Weekly investor roundup: China Life Insurance's chair under investigation; Korea's NPS accused of being passive with climate crisis

The chair of China Life Insurance is under investigation for "serious violations of discipline and law"; Korea's National Pension Service was found to have been passive with efforts to mitigate climate change; Singapore's NTUC Income plans to spin off insurance business to new company; Temasek leads $300 million funding round alongside Qatar's SWF for Carsome Group; and more.
Weekly investor roundup: China Life Insurance's chair under investigation; Korea's NPS accused of being passive with climate crisis


China’s top anti-corruption agency is investigating the chair of China Life Insurance on suspicion of “serious violations of discipline and law”, the China Central Commission for Discipline Inspection said in a statement Saturday, without disclosing more details.

Wang Bin, chairman of one of the country’s largest life insurers, is currently undergoing disciplinary review and investigation, becoming the most senior financial executive in China’s anti-corruption move launched in October last year.

China Life shares dropped 1.3% in Monday trading. In different statements, China Life said it will fully cooperate with the investigation, and its operation and management remain normal. The life insurer will hold a board meeting soon to decide on an acting chairman and disclose in due course.

Source: China Life Insurance; China Central Commission for Discipline Inspection

The National Pension Service (NPS) and state-run financial institutions were found to have remained passive about efforts to prevent climate change throughout last year, compared to private-sector financial companies, according to a domestic non-profit organisation's study released on January 4.

The Solutions for Our Climate's (SFOC) analysis of the 100 largest financial institutions in Korea found that none of the nation's 14 public financial firms promised to achieve net-zero emissions in their asset portfolios by 2050, nor devised any specific plans for reducing carbon emissions.

Source: Korea Times

NTUC Income announced its plan to corporatise, which would entail transferring its insurance business and assets to a new company, as it seeks a fresh injection of capital from institutions.

The new company will be called Income Insurance and is expected to be completed in the second half of the year.

Corporatisation will allow the company to open up avenues to raise capital since its current form as a cooperative caps its share price at S$10 per share and dividends at 10% of share capital.

Source: Business Times

Southeast Asian used-car online marketplace, Carsome Group has reportedly raised almost $300 million in a financing round led by funds linked to Temasek Holdings Pte and Qatar’s sovereign wealth fund, according to Bloomberg.

People with knowledge of the matter who wished to remain anonymous have said that 65 Equity Partners and SeaTown Holdings -- both backed by Singapore state investment firm Temasek -- and Qatar Investment Authority are among investors that participated in the fundraising by Carsome.

Carsome is Malaysia’s most valuable technology startup and is planning to go public in the U.S. later this year, according to the report.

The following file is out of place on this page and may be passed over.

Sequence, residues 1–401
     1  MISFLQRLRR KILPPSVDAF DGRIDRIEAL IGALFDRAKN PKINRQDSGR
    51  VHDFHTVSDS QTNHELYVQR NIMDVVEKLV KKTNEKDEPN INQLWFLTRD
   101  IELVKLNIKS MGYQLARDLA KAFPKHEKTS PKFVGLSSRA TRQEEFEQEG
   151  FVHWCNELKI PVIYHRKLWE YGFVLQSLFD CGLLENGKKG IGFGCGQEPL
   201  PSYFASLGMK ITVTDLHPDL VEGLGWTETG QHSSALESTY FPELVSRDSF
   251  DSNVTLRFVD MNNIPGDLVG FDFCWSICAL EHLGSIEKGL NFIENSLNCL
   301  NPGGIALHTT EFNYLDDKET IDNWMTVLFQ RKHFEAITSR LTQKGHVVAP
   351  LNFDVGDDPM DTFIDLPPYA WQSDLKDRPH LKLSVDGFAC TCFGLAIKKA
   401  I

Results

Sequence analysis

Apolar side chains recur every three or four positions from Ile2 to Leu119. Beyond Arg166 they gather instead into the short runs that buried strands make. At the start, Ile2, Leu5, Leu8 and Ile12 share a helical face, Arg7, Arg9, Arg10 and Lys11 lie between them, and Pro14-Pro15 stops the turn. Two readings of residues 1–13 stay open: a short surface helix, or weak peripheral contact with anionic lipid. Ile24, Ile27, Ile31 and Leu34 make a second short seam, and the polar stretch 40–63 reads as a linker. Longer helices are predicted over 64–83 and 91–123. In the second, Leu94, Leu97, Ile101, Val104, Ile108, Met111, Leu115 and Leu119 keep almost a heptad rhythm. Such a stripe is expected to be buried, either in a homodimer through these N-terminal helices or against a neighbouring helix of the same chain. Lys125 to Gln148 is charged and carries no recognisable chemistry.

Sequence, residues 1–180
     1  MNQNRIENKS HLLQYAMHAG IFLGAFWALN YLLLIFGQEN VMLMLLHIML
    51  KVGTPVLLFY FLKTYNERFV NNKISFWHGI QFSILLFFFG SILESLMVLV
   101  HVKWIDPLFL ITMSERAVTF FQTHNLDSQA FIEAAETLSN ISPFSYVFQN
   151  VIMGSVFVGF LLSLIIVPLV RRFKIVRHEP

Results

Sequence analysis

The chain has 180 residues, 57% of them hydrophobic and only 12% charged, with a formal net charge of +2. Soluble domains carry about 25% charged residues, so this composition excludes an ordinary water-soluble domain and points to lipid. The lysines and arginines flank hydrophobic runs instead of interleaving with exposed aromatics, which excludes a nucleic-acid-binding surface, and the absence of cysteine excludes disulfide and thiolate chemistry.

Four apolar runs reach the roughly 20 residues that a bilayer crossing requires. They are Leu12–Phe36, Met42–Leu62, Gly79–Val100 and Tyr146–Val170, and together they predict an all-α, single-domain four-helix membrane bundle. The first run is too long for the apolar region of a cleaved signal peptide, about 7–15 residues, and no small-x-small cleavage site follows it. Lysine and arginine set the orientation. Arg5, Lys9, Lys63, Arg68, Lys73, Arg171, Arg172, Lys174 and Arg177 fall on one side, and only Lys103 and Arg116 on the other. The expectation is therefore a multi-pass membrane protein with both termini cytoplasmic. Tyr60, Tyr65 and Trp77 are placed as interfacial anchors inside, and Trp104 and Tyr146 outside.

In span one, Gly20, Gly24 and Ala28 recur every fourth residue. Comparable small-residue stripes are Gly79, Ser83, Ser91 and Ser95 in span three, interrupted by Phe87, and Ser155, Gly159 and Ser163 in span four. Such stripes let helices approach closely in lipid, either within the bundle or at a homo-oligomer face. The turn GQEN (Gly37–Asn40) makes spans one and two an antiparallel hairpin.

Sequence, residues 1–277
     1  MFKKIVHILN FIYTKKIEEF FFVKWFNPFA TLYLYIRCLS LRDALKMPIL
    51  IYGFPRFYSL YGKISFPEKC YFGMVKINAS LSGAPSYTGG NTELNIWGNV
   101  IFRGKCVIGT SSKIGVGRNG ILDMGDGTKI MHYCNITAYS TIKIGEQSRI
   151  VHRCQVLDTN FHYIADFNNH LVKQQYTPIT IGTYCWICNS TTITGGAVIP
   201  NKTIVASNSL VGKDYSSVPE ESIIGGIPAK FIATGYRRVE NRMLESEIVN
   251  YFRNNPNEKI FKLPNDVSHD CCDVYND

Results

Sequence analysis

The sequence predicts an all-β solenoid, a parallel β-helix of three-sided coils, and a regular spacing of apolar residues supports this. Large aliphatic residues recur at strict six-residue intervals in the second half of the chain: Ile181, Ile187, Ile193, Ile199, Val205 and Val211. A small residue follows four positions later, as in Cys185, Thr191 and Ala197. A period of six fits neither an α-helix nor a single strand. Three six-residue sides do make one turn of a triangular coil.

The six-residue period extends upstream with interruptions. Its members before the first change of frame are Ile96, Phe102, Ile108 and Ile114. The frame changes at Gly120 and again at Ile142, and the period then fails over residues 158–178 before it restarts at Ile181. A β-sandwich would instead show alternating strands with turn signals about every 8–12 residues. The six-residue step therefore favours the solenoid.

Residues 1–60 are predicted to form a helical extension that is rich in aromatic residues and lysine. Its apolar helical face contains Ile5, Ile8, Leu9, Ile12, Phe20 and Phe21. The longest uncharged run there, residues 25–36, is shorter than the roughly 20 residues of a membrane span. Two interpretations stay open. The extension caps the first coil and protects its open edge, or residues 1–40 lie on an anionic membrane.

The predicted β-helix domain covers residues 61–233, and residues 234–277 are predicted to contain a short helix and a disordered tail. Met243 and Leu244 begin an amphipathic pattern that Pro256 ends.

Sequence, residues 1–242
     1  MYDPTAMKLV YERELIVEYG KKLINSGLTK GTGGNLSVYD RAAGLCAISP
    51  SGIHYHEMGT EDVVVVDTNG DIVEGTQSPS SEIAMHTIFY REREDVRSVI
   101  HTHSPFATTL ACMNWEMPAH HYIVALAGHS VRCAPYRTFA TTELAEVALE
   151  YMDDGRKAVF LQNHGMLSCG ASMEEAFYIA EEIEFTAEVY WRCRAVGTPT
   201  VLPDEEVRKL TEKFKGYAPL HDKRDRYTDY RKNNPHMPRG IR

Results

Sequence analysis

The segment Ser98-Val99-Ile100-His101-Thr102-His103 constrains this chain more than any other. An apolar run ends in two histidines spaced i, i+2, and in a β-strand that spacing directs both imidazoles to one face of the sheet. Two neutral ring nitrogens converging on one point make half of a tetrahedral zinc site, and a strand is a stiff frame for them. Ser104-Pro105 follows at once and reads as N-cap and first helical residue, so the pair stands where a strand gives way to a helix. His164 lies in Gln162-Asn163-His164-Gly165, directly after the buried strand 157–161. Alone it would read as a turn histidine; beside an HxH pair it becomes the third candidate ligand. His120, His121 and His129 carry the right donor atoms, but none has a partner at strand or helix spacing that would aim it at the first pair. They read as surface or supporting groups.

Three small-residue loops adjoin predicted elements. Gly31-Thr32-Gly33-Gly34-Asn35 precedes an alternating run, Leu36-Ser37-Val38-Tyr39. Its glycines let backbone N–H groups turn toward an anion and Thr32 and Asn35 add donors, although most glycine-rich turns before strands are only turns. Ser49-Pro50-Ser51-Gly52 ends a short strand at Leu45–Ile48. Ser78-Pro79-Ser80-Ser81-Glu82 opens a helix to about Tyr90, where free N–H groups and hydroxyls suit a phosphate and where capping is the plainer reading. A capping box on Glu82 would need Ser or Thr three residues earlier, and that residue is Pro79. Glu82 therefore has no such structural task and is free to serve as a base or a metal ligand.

Carsome started gauging investor interest in November and was seeking to raise about $200 million, Bloomberg News reported at the time. In a September statement, the startup announce it had received $170 million in a series D2 round at a $1.3 billion valuation.

Source: Bloomberg

Government Pension Investment Fund has issued a request for proposals to provide qualitative assessment reports on investment strategies from April 2022 to March 2025, the world’s largest pension fund said on Jan 4.

The submission deadline is Feb 2 and GPIF has held an online briefing on Jan 7.

Source: GPIF




Changes introduced by reforms by the Australian Prudential Regulation Authority (Apra) are intensifying pressure for the superannuation industry to become more consolidated.

The sector is being driven towards a structure of three to five megafunds after a record 15 mergers in the 12 months to October 2021.

Last year, AsianInvestor reported the industry will soon comprise a few A$200 billion megafunds and a few smaller, niche funds.

Source: Financial Times, AsianInvestor


China’s insurance regulator has given HSBC Holdings the green light to buy out its insurance joint venture partner, paving the way for the banking group to expand its wealth management business on the mainland.

HSBC is buying the 50% stake in HSBC Life China from financial services firm National Trust for an undisclosed sum, nearly two years after striking the deal soon after Beijing dropped foreign ownership limits in insurance companies.

The London-based bank had $2.96 trillion of assets globally as of September 2021.

Source: Asia Asset Management

Deutsche Bank aims to set up the joint-venture with the wealth management unit of Postal Savings Bank of China, according to Caixin, which cited people familiar with the matter.

The sources said that discussions are still underway with no agreement. Deutsche Bank declined to comment. 

If the plans materialise, Deutsche Bank would be the fifth overseas firm to form a wealth management partnership with a Chinese bank in order to gain access to mainland China’s wealthy investors.

Source: Caixin Global

HSBC became the first global custodian bank to execute a Qualified Foreign Investor (QFI) trade on China’s third and newest bourse: Beijing Stock Exchange.